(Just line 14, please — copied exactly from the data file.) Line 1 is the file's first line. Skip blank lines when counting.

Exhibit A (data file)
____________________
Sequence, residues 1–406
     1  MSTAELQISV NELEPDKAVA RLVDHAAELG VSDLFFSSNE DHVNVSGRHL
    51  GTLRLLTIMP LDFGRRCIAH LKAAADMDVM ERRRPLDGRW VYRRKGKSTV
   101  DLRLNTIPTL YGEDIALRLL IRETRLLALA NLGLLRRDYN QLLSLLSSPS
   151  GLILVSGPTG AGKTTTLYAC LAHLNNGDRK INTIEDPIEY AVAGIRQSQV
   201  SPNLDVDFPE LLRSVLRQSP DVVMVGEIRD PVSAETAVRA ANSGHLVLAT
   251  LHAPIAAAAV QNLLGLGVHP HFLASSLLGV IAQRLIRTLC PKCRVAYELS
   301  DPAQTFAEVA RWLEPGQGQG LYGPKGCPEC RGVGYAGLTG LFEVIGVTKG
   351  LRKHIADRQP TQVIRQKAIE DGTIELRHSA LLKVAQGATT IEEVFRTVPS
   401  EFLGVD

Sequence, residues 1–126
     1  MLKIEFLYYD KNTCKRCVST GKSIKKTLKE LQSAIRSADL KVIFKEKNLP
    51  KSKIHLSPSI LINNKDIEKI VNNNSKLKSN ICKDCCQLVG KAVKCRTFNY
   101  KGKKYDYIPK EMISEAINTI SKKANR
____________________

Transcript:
   101  KGKKYDYIPK EMISEAINTI SKKANR